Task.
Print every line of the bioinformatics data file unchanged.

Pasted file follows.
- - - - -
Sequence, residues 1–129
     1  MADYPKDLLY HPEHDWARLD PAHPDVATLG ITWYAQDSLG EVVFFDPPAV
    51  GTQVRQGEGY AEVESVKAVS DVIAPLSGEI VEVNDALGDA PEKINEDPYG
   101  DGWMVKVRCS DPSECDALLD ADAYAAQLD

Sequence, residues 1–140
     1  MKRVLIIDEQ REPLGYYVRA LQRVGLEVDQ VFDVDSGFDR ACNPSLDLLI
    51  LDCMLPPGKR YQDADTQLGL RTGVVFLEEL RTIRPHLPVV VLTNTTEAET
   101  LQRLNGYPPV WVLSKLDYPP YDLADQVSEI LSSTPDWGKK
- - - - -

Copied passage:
Sequence, residues 1–129
     1  MADYPKDLLY HPEHDWARLD PAHPDVATLG ITWYAQDSLG EVVFFDPPAV
    51  GTQVRQGEGY AEVESVKAVS DVIAPLSGEI VEVNDALGDA PEKINEDPYG
   101  DGWMVKVRCS DPSECDALLD ADAYAAQLD

Sequence, residues 1–140
     1  MKRVLIIDEQ REPLGYYVRA LQRVGLEVDQ VFDVDSGFDR ACNPSLDLLI
    51  LDCMLPPGKR YQDADTQLGL RTGVVFLEEL RTIRPHLPVV VLTNTTEAET
   101  LQRLNGYPPV WVLSKLDYPP YDLADQVSEI LSSTPDWGKK